Baku, Azerbaijan, Jan. 11
By Elena Kosolapova - Trend:
Average price for Brent oil will be $53.5 per barrel in 2017 and $56.18 per barrel in 2018, according to the US Energy Information Administration’s (EIA) forecasts in its January 2017 Short-term Energy Outlook.
In its December 2016 Short-term Energy Outlook, the EIA forecast the Brent crude oil price at $51.66 in 2017. The EIA did not give forecast for 2018 oil prices in its previous Short-term Energy Outlooks.
West Texas Intermediate (WTI) oil prices are forecast at $52.5 per barrel in 2017 and $55.18 per barrel in 2018, according to the EIA.
In its December 2016 Short-term Energy Outlook, the EIA forecast the WTI prices at $50.66 in 2017.
The prices for Brent and WTI stood at $52.32 per barrel and $48.67 per barrel, respectively, in 2015, said the EIA. In 2016 Brent and WTI prices hit $43.74 per barrel and 43.33 per barrel respectively.
The EIA noted that the monthly average spot price of Brent crude oil increased by $9 per barrel in December to $53 per barrel. Market reactions to the November 30 OPEC agreement to cut production by 1.2 million barrel per day starting in January 2017 were a major contributor to rising oil prices in December, the report said.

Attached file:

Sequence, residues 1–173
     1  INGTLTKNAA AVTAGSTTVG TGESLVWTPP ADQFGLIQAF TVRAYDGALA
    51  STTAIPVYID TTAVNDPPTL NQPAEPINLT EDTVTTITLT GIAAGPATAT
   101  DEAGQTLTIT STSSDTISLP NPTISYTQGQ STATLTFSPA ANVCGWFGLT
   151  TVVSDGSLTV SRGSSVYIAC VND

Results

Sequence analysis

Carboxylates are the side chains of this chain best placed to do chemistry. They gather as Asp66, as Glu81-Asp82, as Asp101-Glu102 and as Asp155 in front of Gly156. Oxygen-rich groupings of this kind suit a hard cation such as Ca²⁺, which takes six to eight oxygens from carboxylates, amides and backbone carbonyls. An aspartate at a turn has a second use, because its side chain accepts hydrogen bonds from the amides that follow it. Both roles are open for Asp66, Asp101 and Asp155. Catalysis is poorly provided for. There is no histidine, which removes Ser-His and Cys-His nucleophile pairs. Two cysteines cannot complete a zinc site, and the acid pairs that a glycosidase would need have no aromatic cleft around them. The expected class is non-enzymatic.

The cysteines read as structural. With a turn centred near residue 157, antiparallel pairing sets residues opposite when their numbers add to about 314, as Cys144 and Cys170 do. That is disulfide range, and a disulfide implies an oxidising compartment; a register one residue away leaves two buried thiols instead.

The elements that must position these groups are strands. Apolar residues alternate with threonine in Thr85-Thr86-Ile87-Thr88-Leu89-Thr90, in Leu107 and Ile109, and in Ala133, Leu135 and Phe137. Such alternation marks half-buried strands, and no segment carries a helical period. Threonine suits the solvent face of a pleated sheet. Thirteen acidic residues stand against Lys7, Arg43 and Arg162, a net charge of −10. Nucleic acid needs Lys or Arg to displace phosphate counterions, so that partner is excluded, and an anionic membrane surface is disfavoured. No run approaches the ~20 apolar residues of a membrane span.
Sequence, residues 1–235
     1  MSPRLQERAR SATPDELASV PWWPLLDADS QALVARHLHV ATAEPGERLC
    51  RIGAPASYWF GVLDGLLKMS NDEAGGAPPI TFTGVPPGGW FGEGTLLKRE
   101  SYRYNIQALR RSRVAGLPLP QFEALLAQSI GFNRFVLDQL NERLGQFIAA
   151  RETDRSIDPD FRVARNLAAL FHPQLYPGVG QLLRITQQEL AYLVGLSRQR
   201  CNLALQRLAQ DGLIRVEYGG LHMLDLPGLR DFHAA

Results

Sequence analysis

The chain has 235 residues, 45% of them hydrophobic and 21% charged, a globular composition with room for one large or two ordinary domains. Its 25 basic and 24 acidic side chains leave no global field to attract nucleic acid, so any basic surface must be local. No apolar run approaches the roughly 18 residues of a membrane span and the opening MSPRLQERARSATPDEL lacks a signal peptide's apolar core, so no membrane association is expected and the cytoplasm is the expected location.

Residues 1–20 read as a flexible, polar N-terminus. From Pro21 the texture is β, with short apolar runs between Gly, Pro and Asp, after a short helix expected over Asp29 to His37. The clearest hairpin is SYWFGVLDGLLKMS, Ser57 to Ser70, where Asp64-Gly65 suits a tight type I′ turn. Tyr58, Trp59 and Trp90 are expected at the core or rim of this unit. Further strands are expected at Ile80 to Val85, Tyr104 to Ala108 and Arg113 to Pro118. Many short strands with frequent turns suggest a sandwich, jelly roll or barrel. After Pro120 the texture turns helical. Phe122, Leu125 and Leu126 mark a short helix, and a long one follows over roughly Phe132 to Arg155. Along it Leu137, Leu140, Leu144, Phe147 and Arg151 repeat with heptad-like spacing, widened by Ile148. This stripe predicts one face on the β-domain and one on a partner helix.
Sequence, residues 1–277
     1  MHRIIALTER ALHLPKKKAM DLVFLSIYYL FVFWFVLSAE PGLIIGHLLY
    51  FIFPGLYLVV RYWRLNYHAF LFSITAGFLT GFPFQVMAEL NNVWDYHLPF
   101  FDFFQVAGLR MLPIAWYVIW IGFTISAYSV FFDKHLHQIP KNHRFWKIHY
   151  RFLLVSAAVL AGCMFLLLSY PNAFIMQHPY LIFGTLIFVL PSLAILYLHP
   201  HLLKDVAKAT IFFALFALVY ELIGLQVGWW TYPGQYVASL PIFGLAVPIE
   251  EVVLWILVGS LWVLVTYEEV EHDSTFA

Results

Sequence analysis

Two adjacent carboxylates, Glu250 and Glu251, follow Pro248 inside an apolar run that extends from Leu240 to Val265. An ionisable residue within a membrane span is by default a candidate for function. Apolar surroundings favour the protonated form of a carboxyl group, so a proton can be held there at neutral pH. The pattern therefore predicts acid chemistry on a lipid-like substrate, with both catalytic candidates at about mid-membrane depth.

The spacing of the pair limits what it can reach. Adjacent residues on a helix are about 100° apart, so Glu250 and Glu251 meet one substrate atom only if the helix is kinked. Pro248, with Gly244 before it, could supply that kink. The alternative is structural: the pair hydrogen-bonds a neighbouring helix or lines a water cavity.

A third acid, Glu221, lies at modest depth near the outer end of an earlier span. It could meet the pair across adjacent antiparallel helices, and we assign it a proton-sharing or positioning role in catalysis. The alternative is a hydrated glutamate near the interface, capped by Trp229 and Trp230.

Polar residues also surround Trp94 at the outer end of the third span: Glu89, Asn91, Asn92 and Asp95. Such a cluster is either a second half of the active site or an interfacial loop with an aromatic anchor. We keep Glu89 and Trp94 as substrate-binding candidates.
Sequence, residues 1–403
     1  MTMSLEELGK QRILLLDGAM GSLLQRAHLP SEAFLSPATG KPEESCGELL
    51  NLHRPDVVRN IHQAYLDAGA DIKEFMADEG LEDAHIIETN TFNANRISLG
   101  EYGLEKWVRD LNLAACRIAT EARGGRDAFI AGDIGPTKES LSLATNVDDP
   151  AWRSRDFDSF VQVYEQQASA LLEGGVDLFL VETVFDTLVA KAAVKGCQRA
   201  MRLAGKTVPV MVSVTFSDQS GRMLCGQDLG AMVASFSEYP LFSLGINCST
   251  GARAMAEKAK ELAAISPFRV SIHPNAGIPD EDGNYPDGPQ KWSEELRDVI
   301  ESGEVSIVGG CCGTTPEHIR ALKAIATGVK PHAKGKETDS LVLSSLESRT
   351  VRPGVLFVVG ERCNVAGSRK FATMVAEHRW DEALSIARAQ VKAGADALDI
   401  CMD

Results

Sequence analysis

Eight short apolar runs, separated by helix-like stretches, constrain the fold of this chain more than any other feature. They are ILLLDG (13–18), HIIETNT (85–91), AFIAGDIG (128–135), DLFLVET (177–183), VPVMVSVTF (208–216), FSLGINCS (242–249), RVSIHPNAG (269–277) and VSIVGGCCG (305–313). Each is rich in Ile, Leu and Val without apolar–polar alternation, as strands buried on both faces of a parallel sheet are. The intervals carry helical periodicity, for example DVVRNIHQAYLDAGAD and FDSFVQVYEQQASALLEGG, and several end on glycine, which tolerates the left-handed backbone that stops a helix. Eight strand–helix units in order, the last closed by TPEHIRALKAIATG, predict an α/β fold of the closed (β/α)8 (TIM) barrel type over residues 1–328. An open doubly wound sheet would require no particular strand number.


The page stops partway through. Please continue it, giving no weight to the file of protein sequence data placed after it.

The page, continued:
Despite the recent OPEC agreement, EIA expects global oil inventory builds to continue but at a generally slower rate in 2017 and 2018 than the 2016 average build. The expected persistence of excess global oil supply in the near term, along with the responsiveness of U.S. tight oil production to rising oil prices in late 2016, is expected to limit significant upward oil price pressures in 2017.
According to the January Short- term Energy Outlook, global oil markets are expected to be more balanced by mid-2018, with global oil inventories transitioning from moderate builds of 0.4 million barrels per day in the first half of the year to an average draw of 0.1 million barrels per day in the second half, resulting in a build of about 0.1 million barrels per day build for all of 2018.
According to EIA, global economic developments and geopolitical events in the coming months have the potential to push oil prices higher or lower than the current price forecast. Uncertainty remains as to the effectiveness and duration of the concurrent OPEC and non-OPEC production cuts, which could influence prices in either direction. Also, the potential for continued efficiency gains and cost reductions from non-OPEC producers in the new higher price environment could result in additional volumes of supply that could put downward pressure on prices.
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